Environmental pollution and emission factors of electronic cigarettes, heat-not-burn tobacco products and conventional cigarette
A.A. Ruprecht, C. De Marco, A. Saffari, P. Pozzi, R. Mazza, C. Veronese, G. Angellotti, E. Munarini, A.C. Ogliari, D. Westerdahl, S. Hasheminassab, M. M. Shafer, J. J. Schauer, J. Repace, C. Sioutas & R. Boffi (2017): Environmental pollution and emission factors of electronic cigarettes, heat-not-burn tobacco products and conventional cigarettes, Aerosol Science and Technology
Comparing second-hand exposure from e-cigarettes and traditional cigarettes
The increasing popularity of electronic cigarettes (e-cigarettes) and, more recently, the new “heat-not-burn” tobacco products (iQOS) as alternatives to traditional tobacco cigarettes has necessitated further documentation of and research into the composition and potential health risks/benefits of these devices.
In a recent study, published in Aerosol Science and Technology, researchers compared second-hand exposure to particulate metals and organic compounds from e-cigarettes and traditional cigarettes, by conducting continuous and time-integrated measurements in an indoor environment, followed by computing the emission rates of these species using a single-compartment mass balance model.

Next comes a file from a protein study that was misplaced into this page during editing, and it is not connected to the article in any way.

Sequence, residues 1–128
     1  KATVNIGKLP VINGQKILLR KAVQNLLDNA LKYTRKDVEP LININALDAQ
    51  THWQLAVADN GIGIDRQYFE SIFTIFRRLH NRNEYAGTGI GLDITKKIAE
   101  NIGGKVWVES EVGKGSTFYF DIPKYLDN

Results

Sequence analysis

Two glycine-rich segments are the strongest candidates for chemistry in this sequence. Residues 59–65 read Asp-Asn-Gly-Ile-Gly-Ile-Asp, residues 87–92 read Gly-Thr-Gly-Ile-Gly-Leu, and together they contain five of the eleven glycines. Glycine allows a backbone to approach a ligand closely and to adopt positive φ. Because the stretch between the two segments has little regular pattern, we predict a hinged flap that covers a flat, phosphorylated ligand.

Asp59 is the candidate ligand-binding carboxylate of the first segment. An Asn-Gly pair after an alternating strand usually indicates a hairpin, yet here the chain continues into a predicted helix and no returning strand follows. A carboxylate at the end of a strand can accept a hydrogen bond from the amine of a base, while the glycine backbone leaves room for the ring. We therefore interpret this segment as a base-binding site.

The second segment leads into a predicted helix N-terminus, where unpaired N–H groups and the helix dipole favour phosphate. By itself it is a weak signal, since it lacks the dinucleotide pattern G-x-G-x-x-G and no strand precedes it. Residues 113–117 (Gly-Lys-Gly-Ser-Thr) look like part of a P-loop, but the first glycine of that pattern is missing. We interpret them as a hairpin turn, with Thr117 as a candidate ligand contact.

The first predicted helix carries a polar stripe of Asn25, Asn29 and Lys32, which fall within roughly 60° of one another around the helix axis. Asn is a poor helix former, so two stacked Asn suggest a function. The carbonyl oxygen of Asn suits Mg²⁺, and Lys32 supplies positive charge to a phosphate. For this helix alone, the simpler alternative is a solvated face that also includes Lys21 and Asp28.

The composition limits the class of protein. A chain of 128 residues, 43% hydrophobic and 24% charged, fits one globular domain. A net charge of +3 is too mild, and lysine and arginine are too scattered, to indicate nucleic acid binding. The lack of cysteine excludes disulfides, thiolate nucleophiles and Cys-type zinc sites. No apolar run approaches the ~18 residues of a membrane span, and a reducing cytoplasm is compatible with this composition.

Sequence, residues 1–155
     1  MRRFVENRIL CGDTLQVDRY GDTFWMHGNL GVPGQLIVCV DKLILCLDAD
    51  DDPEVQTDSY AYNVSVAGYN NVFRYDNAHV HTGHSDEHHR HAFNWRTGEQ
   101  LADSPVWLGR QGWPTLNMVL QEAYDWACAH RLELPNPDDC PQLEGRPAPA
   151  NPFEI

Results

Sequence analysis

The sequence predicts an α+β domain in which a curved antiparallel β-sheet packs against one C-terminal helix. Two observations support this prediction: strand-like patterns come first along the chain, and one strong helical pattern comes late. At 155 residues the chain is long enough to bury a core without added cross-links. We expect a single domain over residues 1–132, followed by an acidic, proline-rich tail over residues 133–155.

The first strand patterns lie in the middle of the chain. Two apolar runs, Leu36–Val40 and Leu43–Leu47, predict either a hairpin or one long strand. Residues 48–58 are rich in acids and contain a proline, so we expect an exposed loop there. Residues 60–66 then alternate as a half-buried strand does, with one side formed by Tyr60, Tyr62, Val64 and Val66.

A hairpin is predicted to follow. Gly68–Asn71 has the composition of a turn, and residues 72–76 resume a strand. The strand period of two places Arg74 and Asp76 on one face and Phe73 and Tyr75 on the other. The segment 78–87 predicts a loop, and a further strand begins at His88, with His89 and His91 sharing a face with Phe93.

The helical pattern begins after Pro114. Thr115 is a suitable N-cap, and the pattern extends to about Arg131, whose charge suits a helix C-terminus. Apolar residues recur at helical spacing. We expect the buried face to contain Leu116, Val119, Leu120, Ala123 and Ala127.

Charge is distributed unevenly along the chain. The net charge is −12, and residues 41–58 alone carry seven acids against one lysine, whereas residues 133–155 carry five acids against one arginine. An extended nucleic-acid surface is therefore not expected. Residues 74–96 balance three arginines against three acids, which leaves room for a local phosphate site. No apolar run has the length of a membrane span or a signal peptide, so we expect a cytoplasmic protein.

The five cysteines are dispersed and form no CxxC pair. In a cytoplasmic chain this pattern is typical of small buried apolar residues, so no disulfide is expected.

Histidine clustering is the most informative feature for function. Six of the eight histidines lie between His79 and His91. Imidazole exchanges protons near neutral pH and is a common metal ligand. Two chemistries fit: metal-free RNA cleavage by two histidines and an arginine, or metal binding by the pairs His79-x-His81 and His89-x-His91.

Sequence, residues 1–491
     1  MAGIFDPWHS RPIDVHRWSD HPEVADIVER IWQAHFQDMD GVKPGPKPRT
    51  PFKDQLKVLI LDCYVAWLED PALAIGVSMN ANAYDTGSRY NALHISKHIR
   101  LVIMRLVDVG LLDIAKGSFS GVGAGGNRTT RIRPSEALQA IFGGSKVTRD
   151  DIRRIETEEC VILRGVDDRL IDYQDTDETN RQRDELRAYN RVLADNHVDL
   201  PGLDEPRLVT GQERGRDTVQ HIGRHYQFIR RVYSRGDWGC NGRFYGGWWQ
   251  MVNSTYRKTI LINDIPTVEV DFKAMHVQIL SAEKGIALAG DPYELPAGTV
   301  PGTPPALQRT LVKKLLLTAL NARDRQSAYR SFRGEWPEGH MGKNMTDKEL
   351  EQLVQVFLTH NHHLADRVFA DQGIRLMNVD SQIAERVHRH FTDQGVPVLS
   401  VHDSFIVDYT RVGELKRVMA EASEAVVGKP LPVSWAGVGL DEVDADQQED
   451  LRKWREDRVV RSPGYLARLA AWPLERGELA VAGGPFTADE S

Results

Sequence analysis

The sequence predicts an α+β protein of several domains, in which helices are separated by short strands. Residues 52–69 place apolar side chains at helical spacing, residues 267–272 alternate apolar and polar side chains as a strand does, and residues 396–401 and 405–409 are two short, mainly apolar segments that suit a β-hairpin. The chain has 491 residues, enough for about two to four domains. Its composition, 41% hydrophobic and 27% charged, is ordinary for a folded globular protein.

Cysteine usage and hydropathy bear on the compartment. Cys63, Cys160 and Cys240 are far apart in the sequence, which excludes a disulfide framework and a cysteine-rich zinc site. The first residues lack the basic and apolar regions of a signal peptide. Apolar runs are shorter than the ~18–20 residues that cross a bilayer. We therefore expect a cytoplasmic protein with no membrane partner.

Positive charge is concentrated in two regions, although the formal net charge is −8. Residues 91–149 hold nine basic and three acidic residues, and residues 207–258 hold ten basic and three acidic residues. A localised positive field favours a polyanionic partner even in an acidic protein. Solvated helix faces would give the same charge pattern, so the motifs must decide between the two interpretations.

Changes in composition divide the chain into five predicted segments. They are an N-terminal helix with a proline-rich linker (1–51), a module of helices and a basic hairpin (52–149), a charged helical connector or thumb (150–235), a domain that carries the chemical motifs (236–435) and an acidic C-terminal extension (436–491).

Researchers used a similar approach to further expand our previous analyses by characterizing black carbon, metal particles, organic compounds and size-segregated particle mass and number concentrations emitted from these devices in addition to the newly marketed iQOS.
iQOS side-stream smoke contains carcinogenic aldehyde compounds
Analysis of the iQOS side-stream smoke indicated that the particulate emission of organic matter from these devices is significantly different depending on the organic compound. While Polycyclic Aromatic Hydrocarbons (PAHs) were mostly non-detectable in the iQOS smoke, certain n-alkanes, organic acids (such as suberic acid, azelaic acid and n-alkanoic acids with carbon numbers between 10–19) as well as levoglucosan were still emitted in substantial levels from iQOS (up to 2–6 mg/hr during a regular smoking regimen). Metal emissions were reduced in iQOS smoke compared to both electronic cigarettes and conventional cigarettes and were mostly similar to the background levels. Another important finding is the presence of carcinogenic aldehyde compounds, including formaldehyde, acetaldehyde and acrolein, in iQOS smoke, although the levels were substantially lower compared to conventional cigarettes.
Image credit: vaping360.com/iqos-philip-morris//e-cigarettes/